Southeast
NOAA NHC

USA - 2022 North Atlantic Hurricane Season Halftime Report: The Quiet Before the Storm?

Enough wind blows off our coasts to meet our entire country’s electricity needs twice over. All we need to do is harness it.

A Slow Start to the 2022 Season

With a few weeks to go until the North Atlantic Basin enters its most active period, now is a good time to recap recent activity, review updated seasonal forecasts, and look ahead to what may be in store for the remainder of the season.

The North Atlantic Basin has been a little quiet since the start of the hurricane season. So far in 2022, the basin has not produced any hurricanes and just three tropical storms – Alex, Bonnie, and Colin:

  • A tropical depression brought localized flash- and street-level flooding to parts of South Florida in early May and later developed into Tropical Storm Alex over the open waters of the western North Atlantic.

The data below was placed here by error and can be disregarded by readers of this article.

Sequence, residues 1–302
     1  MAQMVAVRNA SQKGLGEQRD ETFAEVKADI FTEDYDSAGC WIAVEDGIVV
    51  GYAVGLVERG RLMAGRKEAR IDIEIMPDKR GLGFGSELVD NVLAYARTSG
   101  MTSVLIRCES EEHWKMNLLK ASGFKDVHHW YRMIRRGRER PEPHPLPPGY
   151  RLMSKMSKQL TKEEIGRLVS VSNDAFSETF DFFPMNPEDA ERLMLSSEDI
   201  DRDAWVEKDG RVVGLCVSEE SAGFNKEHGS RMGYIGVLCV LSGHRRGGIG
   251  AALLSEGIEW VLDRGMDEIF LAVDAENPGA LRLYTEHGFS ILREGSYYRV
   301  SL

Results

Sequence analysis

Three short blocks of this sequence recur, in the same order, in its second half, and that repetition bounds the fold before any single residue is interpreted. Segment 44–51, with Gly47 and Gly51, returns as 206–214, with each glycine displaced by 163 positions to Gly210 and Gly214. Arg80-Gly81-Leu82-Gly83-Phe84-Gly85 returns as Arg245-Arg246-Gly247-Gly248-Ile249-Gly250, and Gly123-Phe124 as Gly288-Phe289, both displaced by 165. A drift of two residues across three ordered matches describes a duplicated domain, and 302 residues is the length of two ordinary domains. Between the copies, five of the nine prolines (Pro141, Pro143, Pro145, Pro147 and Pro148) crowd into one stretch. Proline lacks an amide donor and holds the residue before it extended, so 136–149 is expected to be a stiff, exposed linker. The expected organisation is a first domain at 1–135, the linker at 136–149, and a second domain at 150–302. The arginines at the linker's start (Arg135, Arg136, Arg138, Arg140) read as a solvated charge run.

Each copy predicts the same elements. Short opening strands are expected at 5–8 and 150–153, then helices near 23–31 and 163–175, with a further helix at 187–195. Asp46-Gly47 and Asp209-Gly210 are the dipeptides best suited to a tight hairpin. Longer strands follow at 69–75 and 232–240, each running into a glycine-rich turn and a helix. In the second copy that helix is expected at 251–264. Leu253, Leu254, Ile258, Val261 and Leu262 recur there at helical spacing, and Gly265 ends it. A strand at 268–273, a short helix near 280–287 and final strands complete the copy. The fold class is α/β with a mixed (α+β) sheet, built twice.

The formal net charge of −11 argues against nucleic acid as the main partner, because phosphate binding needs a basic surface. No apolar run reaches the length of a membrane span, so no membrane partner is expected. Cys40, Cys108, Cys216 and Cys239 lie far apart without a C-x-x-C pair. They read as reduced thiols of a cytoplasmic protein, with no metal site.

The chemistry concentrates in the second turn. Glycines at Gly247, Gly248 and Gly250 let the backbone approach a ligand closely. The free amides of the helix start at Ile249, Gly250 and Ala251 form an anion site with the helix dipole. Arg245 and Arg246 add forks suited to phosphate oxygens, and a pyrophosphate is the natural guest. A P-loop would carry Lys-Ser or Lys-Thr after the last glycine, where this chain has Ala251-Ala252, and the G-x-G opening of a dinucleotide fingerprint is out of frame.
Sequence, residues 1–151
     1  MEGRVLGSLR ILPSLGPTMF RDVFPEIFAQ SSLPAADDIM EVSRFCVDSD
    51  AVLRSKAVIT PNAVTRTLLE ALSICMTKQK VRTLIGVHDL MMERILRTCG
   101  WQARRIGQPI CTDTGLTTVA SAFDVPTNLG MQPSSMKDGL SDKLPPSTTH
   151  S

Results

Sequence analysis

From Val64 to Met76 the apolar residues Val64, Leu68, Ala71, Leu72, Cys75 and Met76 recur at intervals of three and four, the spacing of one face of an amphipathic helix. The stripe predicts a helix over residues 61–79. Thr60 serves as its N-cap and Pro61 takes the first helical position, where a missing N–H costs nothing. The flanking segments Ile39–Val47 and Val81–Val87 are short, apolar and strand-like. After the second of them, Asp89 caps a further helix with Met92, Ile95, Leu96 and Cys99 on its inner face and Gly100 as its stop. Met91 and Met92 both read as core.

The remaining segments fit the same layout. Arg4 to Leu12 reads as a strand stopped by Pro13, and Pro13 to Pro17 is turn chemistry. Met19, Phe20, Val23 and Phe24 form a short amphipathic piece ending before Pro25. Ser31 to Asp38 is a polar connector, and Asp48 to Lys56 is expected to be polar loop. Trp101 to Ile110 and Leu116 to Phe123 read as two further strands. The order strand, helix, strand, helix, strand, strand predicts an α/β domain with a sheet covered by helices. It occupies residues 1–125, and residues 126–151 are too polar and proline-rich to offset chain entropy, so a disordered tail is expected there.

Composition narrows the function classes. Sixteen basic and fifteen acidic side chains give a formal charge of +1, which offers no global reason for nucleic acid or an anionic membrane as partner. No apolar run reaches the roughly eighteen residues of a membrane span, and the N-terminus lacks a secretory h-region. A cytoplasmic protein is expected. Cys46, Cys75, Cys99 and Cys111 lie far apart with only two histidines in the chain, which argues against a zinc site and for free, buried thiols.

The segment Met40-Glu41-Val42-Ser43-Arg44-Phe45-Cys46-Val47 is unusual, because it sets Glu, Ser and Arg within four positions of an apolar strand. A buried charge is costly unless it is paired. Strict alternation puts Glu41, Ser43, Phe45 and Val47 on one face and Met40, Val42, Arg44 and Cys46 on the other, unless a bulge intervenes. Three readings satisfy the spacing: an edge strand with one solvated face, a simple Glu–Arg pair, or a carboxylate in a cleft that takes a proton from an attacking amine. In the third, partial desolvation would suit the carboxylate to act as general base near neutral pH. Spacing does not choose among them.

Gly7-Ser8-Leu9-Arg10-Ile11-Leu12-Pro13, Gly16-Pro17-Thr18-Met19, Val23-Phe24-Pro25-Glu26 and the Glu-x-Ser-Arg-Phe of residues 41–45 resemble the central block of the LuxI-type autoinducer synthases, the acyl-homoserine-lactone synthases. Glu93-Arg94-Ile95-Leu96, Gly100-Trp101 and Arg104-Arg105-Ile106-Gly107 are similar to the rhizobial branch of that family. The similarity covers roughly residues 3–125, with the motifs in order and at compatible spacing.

• Tropical Storm Bonnie developed in the western Caribbean Sea in early July and made landfall close to the border between Nicaragua and Costa Rica. It produced heavy rainfall that caused flash flooding and mudslides.
  • Tropical Storm Colin developed while located over South Carolina in early July, bringing heavy rain to coastal areas of the Carolinas, but minimal impacts were reported.

Following the dissipation of Colin in early July, the North Atlantic Basin descended into an eerie calm with no named storms for over six weeks, which is unusual but not uncommon for the time of year.

This relatively slow start was driven by a combination of hurricane-inhibiting factors, including an abundance of Saharan dust over the main development region, increased vertical wind shear across the Caribbean Sea and central North Atlantic, and the propagation of the suppressed phase of the Madden-Julian Oscillation across the basin that created a generally more stable environment.

Read more.